5 tips for tackling your first Ironman

Most Ironman training plans start off with a manageable load but the dial gets turned up quickly.

As a certified triathlon coach I have been asked numerous times, “Do I have what it takes to do an Ironman?” If completing an Ironman triathlon competition is on your bucket list and you are pondering this same question, consider these five questions:

Do you have the time to properly train? 
Most ironman training plans start off with a very manageable load but the dial gets turned up relatively quickly. You need to allow a minimum of around 14 hours/week to train adequately. This should include at least three swims, three rides, and three runs per week.

Do you have family support? 
If you have a spouse or are in a dedicated relationship and/or have kids, then they must be on your side with regards to training for such a time-consuming event. If they are time-greedy and are likely to make you feel guilty for logging 5 hour + bike rides and 3 hour runs, then you may have a very tough time getting ironman race ready. On the other hand, if they’re supportive of your endeavour then this is truly a promising sign.

Do you have the finances? 
Ironman racing is not cheap. Factor in the costs of equipment (bike, wetsuit, shoes, clothes, accessories etc), race fees (ironman events typically range from around $400 to $700) plus travel and accommodation costs for race week in addition to miscellaneous items such as coaching, training-specific food and drink, bike tubes, tune-ups etc. It all adds up and makes the sport a rather costly one.

Do you have someone/group to train with? 
Ironman is a lonely sport if you’re doing it completely solo. It makes a huge difference if you have a friend or a network of people on your side to train with, bounce ideas off, learn from, and motivate each other along the way. It truly does make the process of getting to the start line so much easier and more enjoyable if you’re preparing with a team.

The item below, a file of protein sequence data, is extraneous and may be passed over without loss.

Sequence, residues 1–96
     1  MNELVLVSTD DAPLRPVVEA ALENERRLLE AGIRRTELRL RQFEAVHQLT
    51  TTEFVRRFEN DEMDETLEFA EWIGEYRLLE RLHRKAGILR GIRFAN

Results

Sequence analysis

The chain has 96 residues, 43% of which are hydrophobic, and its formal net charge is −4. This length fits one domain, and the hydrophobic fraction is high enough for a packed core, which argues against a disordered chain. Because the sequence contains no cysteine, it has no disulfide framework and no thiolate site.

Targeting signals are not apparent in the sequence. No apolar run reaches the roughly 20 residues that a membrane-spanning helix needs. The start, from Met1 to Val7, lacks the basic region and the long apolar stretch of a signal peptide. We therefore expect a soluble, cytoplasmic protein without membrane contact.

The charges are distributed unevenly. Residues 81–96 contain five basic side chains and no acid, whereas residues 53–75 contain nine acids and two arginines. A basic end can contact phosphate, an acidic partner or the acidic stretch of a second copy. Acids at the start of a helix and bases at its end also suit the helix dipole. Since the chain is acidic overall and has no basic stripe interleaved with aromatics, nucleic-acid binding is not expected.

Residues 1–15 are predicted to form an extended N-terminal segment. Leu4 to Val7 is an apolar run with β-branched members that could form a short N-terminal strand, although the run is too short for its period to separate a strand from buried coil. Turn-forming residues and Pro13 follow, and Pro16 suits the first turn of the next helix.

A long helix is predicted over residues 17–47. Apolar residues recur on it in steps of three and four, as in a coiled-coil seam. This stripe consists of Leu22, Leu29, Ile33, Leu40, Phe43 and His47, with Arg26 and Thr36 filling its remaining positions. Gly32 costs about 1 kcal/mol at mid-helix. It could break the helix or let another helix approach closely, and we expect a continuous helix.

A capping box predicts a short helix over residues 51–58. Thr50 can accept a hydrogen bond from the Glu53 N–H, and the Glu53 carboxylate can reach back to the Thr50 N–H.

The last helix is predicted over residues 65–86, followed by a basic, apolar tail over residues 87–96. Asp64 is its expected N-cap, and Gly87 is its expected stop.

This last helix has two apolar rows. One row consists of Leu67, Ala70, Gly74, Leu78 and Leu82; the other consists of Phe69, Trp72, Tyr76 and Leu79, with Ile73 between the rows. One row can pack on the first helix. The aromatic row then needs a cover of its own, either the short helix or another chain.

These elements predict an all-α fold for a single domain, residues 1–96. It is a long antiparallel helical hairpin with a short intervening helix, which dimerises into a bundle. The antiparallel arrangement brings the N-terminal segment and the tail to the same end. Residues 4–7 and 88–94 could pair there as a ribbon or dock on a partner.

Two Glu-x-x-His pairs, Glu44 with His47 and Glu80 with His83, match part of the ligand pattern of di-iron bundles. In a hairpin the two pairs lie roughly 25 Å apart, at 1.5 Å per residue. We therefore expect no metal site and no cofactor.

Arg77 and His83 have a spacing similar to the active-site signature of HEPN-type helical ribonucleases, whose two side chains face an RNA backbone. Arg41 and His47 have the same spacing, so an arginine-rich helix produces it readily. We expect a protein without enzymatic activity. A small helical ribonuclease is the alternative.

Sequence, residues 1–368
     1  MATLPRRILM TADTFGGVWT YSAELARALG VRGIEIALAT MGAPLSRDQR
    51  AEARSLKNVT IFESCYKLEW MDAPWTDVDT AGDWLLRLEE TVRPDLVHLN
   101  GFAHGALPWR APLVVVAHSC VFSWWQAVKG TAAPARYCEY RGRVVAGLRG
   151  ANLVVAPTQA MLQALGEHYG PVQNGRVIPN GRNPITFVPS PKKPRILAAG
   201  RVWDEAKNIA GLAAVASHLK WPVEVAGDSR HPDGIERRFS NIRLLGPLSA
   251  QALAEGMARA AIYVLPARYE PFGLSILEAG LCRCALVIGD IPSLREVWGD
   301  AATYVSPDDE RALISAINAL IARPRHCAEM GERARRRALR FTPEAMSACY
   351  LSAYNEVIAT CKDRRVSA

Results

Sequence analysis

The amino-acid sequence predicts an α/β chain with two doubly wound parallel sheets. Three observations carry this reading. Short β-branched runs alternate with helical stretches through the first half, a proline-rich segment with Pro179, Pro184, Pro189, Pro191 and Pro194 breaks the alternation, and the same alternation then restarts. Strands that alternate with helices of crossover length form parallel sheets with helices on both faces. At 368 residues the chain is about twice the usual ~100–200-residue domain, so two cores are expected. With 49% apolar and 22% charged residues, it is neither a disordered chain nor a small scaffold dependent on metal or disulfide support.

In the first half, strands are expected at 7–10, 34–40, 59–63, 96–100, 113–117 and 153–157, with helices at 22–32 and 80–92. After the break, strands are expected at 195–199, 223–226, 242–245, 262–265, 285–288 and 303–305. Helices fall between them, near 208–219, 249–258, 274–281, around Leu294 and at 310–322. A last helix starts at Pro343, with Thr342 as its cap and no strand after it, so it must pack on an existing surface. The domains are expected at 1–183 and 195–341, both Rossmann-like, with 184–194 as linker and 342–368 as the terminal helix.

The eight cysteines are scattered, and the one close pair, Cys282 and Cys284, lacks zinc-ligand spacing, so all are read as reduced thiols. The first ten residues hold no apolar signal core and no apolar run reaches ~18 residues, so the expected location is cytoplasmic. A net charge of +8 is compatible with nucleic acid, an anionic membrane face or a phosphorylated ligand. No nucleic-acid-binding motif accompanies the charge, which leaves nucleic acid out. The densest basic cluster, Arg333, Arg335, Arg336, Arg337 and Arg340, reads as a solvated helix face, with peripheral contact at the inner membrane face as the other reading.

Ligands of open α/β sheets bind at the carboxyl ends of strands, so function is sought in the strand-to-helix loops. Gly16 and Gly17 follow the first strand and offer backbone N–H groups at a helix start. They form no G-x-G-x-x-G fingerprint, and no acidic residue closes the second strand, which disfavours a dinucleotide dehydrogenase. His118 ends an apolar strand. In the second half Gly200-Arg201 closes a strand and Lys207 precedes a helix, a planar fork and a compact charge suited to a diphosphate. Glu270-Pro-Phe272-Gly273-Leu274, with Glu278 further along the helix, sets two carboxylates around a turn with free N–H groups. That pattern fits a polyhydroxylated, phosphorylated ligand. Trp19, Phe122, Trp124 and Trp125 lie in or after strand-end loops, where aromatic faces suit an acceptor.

Do you have the determination and perseverance to see it through? 
Way more important than natural ability, current level of fitness, body shape, or age is the level of sheer determination to make it happen. Ask yourself if the idea of doing an ironman is a fleeting thought or a serious one, worthy of your dedication and commitment? Because if it is, with some advice and lots of support, almost anyone can do an ironman.If ironman truly is a serious dream of yours, consider discussing the possibility with those close to you; your spouse, partner, family, friends, and possibly children.

Ask them for their thoughts and if they share your vision, and would they be willing to support your wholehearted efforts. If they give the green light, look into local triathlon clubs and/or coaches and see what is on offer in your local area.

There are triathlon clubs right across the length and breadth of the country with knowledgeable and experienced athletes in each. Additionally, there is hordes of useful material online including triathlon forums, websites, YouTube clips, training plans, and tidbits of advice on all kinds of tri-related issues.

Completing an ironman is achievable. You can do it, with a bit of help from your family and friends.

For a list of Ironman competitions in Canada go here.

(Image: Facebook, Ironman)


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